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A faulty production line

Online consultations don't alleviate GP workload pressures, finds study

GP workload pressures are not reduced by the introduction of online consultations, a study has found.

Researchers studying the impact of the eConsult system found that GP practices experienced 'no improvements' to their workload.

Their paper, published in the BJGP, also said some patients were using the system ‘as an easier way to get an appointment and bypass the normal telephone booking system’.

The eConsult system sees patients complete an online form to provide a report of their condition, which is then reviewed by a GP.

But the University of Bristol researchers found from interviews with six of the 36 practices currently using eConsult that the ‘one-way’ communication from patients ‘reduced the ability for clinical decision-making’, requiring further contact with the patient.

The paper said: ‘GPs effectively deferred many e-consultations to face-to-face or telephone consultations.’

It added: ‘This links directly to another key finding: practice staff perceived that some patients were using e-consultations as an easier way to get an appointment and bypass the normal telephone booking system.’

Murray Ellender, chief executive of eConsult, said online consultations are not a ‘silver bullet’ to fix the workload problems in general practice, but added ‘our experience shows they could be a significant part of the solution, and have evolved a long way since this study was carried out’.

He added: ‘It is encouraging to note from the evaluation that more than six in 10 online consultations did not require a face-to-face consultation, and quantifiable feedback from patients indicates they value having this option.’

NHS England offered GP practices £45m to offer ‘online consultations’ as part of a new injection of IT funding last year but another recent study also found that online consultation systems are not likely to have any notable impact on patient waiting times and could even add to practice workload.

Meanwhile, CCGs in London ditched plans to use Babylon Health’s ‘symptom checker’ app to triage patients after patients said they would ‘manipulate’ the system to book GP appointments.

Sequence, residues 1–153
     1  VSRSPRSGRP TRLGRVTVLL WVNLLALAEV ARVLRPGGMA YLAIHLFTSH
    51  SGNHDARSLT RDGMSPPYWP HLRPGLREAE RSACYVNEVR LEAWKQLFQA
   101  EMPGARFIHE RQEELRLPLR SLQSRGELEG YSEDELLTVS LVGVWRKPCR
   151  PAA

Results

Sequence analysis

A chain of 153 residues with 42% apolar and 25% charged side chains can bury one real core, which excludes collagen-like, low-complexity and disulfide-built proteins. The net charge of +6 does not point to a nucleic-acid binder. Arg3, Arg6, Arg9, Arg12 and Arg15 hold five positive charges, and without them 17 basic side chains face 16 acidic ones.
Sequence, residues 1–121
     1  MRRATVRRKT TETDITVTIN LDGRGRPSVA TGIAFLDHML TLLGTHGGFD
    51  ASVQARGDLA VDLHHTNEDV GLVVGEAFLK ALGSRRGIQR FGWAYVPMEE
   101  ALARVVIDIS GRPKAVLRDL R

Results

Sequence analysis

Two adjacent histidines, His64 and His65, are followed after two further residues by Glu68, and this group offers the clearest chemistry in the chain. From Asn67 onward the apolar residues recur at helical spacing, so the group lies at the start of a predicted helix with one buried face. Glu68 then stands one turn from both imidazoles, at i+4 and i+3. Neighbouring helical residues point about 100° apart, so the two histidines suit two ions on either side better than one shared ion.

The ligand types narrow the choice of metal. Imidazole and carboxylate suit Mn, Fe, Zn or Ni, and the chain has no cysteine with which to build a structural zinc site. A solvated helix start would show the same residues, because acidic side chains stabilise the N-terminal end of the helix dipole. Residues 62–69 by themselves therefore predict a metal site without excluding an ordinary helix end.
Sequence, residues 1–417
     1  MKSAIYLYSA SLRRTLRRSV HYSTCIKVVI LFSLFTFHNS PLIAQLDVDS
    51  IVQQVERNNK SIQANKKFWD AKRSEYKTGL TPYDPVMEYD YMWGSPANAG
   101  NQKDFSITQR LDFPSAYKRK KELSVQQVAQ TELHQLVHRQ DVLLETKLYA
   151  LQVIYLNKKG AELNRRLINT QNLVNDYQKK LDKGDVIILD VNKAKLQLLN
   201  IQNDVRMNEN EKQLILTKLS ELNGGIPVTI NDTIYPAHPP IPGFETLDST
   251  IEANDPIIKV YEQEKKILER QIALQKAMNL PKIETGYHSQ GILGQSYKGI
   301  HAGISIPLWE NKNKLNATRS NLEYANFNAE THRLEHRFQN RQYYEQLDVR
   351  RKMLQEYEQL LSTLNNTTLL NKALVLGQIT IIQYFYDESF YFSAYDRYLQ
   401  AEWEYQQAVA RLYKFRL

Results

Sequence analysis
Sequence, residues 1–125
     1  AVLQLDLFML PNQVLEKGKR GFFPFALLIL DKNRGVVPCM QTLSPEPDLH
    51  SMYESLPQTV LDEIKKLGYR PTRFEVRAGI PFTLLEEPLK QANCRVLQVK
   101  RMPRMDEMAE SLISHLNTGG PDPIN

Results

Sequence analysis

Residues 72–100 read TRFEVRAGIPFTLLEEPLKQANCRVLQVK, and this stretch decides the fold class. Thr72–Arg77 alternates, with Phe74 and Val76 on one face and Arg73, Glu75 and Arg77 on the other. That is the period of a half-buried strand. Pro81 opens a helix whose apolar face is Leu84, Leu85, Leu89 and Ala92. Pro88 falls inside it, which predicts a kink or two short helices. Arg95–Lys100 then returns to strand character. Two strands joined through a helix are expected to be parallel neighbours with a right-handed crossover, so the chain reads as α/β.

Readers' comments (7)

  • Other news : ‘pope confirmed a catholic’ ; ‘study reveals bears defecate in woods’
    It’s just another thing for us to do, another way to get an opinion from a GP.

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  • There are only two ways of creating a brake on our consultations:

    Denying patients the right to have a GP consultation just because they want one by triaging to ‘others’. The debate is about safe triaging and not making GPs legally responsible for the ‘others’.

    Charging full or part payment up front

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  • Thank goodness for this groudbreaking research, perhaps if those involved in such endeeavours actually saw some patients, our problems would be less acute......

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  • Tom Caldwell

    Oh well, I'm sure that evidence will provide change to NHSE direction of travel... no really I am.

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  • AlanAlmond

    This doesn’t surprise me. Will evidence like this stop it becoming official Jeremy Hunt policy? I doubt it.

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  • No surprise whatsoever. It actually creates more work

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  • Triage
    A GP appointment is no longer a fundamental right. Every initiative gets saturated as people treat them like free buffets.

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